By David S. Rubenstein
This Article provides the first comprehensive study of blame in the U.S.
immigration system. Beyond blaming migrants, we blame politicians,
bureaucrats, and judges. Meanwhile, these players routinely blame each
other, all while trying to avoid being blamed. As modeled here, these
dynamics of “immigration blame” have catalyzing effects on the politics,
policies, and structures of immigration law. Yoking key insights from a range
of social sciences, this Article offers unique perspectives on the operation
and design choices of the immigration system. Moreover, through a blame
lens, the terms of debate over amnesty, immigration enforcement, the travel
ban, sanctuary cities, and the U.S. Supreme Court’s plenary power doctrine
come into sharper focus.
In turn, this Article’s descriptive portrayal of immigration blame prompts
some vexing normative questions: Is immigration blame desirable? Can its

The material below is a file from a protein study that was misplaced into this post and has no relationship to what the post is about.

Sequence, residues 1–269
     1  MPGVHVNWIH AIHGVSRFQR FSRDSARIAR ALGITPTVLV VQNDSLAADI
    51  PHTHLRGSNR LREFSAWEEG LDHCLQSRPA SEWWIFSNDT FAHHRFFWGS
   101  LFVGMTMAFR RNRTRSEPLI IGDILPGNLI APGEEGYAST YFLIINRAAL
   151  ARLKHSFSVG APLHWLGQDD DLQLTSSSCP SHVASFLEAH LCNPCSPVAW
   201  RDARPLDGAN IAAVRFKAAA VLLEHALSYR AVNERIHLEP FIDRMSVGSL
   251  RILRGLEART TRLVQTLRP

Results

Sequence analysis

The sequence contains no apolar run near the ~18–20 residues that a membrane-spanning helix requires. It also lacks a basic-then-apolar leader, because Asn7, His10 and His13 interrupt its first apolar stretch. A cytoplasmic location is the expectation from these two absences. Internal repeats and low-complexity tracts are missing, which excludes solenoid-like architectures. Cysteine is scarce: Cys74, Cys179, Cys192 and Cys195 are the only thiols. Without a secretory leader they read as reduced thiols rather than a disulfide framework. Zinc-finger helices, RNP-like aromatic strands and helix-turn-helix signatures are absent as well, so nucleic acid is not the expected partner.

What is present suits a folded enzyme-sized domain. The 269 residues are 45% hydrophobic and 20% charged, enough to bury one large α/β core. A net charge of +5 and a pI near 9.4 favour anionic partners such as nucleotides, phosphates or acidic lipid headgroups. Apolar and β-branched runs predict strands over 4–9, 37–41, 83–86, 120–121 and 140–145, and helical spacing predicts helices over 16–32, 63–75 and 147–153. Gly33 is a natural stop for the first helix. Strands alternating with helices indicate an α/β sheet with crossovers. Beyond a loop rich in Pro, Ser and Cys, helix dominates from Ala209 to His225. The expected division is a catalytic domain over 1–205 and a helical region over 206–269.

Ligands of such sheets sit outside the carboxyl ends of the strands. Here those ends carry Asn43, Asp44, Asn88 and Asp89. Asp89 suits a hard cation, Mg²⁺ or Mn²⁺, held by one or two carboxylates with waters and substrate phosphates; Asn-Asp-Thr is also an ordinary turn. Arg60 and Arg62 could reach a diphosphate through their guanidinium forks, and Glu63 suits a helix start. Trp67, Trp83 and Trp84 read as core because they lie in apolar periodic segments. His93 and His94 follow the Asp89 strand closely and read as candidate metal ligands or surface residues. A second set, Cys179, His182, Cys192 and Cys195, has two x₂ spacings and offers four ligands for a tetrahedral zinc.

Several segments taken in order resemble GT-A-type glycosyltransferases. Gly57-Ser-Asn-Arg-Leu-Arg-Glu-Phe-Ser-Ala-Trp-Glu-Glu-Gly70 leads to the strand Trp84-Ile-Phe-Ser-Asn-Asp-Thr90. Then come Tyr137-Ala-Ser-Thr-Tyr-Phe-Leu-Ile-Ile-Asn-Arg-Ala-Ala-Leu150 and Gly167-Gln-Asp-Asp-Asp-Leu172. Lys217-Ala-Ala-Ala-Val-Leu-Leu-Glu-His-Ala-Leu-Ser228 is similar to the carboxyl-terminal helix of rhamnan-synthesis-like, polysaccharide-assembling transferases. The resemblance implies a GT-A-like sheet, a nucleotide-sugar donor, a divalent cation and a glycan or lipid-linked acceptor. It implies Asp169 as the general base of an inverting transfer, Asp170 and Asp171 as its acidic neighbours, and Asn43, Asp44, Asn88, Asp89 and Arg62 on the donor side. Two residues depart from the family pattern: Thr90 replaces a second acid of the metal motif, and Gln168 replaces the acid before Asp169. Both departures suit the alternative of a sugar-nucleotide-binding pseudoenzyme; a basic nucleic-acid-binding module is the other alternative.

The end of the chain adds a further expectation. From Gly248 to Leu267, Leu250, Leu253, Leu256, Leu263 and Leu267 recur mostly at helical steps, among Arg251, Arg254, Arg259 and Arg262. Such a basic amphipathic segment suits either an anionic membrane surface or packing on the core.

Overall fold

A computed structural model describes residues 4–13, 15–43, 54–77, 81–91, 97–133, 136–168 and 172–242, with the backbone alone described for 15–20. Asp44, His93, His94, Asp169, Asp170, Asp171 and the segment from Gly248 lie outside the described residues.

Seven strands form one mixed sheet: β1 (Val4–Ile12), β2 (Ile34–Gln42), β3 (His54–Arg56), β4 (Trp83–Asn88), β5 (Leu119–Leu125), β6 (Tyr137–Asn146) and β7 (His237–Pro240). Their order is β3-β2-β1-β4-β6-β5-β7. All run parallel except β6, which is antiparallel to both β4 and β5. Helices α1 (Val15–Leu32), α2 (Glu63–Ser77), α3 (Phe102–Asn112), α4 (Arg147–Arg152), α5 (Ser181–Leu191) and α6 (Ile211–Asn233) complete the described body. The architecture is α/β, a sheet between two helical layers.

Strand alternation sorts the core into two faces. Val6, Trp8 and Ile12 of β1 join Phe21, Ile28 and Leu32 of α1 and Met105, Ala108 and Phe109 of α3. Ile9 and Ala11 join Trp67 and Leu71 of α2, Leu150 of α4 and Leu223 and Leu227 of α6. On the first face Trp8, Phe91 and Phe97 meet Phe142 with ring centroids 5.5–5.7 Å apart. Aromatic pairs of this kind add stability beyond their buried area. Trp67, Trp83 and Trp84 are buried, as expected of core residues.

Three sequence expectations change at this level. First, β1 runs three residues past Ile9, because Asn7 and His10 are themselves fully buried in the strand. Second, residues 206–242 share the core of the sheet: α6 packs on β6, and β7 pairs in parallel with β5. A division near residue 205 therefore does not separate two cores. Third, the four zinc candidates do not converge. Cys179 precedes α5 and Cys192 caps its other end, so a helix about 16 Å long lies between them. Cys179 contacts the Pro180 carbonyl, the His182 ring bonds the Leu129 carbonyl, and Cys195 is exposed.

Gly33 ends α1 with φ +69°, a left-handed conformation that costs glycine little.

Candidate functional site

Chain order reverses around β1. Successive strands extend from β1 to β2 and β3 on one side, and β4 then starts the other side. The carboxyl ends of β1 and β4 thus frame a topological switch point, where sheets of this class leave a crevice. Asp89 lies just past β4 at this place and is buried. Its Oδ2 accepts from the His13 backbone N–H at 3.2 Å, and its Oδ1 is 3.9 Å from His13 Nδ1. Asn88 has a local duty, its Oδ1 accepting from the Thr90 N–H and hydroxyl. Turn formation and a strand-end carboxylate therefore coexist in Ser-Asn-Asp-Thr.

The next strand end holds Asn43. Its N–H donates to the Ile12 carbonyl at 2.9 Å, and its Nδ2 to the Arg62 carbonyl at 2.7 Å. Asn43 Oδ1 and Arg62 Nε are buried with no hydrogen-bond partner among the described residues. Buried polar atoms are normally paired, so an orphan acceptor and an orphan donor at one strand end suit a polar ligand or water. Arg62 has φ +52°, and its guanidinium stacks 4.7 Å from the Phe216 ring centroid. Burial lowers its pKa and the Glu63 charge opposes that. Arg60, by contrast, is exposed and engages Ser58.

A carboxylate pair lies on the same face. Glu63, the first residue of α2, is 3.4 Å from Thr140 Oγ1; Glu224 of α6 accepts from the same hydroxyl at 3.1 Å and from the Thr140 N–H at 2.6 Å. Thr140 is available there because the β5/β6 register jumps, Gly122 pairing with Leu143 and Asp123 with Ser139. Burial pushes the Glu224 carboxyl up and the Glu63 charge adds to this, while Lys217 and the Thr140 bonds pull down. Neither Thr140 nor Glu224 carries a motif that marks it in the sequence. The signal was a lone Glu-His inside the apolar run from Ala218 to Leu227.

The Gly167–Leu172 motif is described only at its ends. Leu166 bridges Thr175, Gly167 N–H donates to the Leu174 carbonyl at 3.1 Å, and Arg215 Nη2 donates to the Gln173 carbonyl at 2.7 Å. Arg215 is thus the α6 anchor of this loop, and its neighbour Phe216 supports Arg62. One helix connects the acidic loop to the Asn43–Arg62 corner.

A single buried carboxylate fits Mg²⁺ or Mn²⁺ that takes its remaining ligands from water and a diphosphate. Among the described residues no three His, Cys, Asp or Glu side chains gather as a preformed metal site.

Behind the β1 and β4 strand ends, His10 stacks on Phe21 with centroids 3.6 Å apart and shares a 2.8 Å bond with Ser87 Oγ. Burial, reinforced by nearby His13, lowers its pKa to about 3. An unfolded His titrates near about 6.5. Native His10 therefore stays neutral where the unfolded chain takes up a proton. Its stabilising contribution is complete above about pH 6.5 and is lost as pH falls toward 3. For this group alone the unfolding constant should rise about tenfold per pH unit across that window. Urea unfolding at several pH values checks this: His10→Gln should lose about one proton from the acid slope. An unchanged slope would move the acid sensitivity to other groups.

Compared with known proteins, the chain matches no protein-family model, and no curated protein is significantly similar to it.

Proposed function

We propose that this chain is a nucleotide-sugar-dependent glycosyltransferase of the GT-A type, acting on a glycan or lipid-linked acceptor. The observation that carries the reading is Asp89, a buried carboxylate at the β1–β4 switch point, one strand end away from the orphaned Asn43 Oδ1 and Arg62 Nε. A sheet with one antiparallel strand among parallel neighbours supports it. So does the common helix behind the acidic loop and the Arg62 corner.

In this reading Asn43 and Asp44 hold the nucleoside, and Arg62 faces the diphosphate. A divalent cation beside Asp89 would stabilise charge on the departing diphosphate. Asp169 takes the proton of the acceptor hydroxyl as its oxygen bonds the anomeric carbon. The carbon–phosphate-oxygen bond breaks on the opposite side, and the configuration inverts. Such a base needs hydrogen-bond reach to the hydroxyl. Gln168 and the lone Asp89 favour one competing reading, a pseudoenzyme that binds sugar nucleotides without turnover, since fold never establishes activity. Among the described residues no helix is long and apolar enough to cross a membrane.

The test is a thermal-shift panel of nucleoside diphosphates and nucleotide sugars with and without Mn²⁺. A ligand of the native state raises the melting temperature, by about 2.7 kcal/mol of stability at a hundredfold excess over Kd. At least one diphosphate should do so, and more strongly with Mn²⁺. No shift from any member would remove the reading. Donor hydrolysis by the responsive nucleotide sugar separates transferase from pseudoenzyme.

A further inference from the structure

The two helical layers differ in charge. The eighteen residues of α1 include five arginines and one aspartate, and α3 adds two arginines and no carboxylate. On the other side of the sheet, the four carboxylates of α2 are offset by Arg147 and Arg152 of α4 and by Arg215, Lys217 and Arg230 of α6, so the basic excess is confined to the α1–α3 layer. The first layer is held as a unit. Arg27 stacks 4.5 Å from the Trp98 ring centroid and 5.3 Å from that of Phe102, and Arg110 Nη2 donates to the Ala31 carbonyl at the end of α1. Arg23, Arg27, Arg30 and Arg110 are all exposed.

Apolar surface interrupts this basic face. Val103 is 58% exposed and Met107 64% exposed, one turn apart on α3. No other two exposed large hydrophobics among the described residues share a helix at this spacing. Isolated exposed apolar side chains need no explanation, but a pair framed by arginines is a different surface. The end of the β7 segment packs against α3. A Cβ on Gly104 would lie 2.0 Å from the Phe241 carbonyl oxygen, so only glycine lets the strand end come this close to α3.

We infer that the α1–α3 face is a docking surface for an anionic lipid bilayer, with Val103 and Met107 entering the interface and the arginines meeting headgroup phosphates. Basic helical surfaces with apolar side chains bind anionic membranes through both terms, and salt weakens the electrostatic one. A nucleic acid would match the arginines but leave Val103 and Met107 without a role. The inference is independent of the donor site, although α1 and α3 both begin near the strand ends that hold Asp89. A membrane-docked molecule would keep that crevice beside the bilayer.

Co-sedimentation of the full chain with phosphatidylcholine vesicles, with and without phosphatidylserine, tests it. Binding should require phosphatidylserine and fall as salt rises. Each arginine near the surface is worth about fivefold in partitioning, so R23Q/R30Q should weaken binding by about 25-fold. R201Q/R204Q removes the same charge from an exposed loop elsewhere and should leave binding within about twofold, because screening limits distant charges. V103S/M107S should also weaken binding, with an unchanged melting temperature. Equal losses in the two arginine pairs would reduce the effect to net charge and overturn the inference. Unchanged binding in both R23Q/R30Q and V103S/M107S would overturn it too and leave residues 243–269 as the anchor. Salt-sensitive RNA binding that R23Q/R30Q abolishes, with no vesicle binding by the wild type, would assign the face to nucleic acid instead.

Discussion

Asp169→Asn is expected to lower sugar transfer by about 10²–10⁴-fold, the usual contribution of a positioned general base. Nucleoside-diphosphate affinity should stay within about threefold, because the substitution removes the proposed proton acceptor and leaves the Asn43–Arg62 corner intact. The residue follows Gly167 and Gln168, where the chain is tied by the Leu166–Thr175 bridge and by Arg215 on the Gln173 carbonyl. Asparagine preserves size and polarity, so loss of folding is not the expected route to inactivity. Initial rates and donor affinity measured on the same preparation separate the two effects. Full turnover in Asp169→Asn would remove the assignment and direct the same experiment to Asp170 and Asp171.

inputs and outputs be controlled? If so, how and toward what ends? In
immigration, as elsewhere, blame is a paradox: both functional and
dysfunctional, socially cohering and corrosive. That being so, we should not
aim for a blame-free immigration system. Rather, we should seek ways to
promote the values of immigration blame, while minimizing its more
unsavory manifestations. Toward those ends, this Article prescribes an
“ethics of immigration blame” and suggests ways that law might be
harnessed to mediate some of blame’s pathologies. Today’s sociopolitical
conditions crystallize the need for this work.